Theatre

An intimate musical on a grand stage, Once cleverly entwines its songs and story by telling a tale of people with music in the blood.

By Peter Craven.

Stage version of Once hits the right notes

The Once leads, Tom Parsons and Madeleine Jones.
Credit: JEFF BUSBY

Once is that fuzzy, improvised Oirsh musical, set in a Dublin that seems ambiguously like a transit lounge to a larger world, and it’s full of attractive, folk-rockish songs and a great clamour of dramatic orchestration that make it a very attractive show. Very “now”, too, in its relative lack of histrionics. It’s a boy meets girl affair – his bright, brilliant future as a rock star; her misgiving love, her child and Eastern European background. Once was originally an offbeat movie but it was transformed for the stage with a script by Enda Walsh of Disco Pigs fame, and it comes to Australia with the benefit of John Frost’s enthusiasm for the musical and his millions. It also has the benefit of the way the British director John Tiffany (who did the famous show about the Black Watch) actually packed up his bags and came and lived in Melbourne for the weeks of rehearsal rather than just flying in at the last minute to put some finishing touches on someone else’s duplication of his work. 

It shows because every so often there are moments when Once looks like the work of a director of genius. And where it sometimes looks a bit slack and mousy, a bit laid-back and tossed together, it is all part of the trick with what is effectively a sort of anti-musical that everyone (including the sort of young person who associates musicals with parental poison and pap) is going to find pretty endearing. I didn’t think either of the leads – Tom Parsons as the Guy, the dominant genius whom the woman pushes into life by making him realise the value of his art, or Madeleine Jones as the Girl so-called, the Czech mover and shaker – were brilliant. But they can sing a bit like angels and they can act well, without hamminess or falseness. What more do you want? We’re not talking Porgy and Bess or My Fair Lady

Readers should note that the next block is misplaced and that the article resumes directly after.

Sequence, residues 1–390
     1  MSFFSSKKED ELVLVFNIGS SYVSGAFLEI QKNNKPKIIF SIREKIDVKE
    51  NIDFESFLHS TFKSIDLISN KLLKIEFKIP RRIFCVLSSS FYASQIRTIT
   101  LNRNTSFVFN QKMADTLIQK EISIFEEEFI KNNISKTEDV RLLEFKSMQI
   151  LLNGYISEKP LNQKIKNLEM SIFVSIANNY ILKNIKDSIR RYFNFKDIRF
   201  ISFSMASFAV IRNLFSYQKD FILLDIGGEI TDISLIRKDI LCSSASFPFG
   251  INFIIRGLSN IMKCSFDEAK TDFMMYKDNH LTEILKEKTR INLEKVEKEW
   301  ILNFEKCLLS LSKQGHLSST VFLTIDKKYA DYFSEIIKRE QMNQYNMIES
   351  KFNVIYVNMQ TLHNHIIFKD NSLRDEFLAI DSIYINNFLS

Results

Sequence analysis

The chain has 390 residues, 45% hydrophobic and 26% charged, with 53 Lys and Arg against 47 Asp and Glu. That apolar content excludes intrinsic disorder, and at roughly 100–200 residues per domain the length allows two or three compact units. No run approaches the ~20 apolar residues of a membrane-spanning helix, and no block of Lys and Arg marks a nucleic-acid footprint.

The musical is routinely dubbed the one original theatrical form America has invented, largely on the basis that, from the time of Rodgers and Hammerstein’s Oklahoma! in 1943, it came to be a crypto-operatic form in which the book (that is, the script) and the music formed a continuous dramatic whole. That’s why, theatre directors will tell you, the Moss Harts and the Hal Princes are the highest and mightiest lords of the theatre, because they found the magical key to how you make that transition between speech and song. Maybe it was implicit in Brecht’s The Threepenny Opera or, before him, in Gilbert and Sullivan, but the Americans found it for themselves. Before Rodgers and Hammerstein, the book of a musical had been a thing of air – the plot of Cole Porter’s Anything Goes (1934), say, despite the contribution of P. G. Wodehouse, is just a flimsy platform for “You’re the Top” and all the rest. But if you look at Porter’s work after World War II, you can see the difference. Think of Kiss Me, Kate, his The Taming of the Shrew musical, or High Society, with its script from The Philadelphia Story (a movie crying out for the stage even though it was a vehicle for Bing Crosby, Frank Sinatra and Grace Kelly).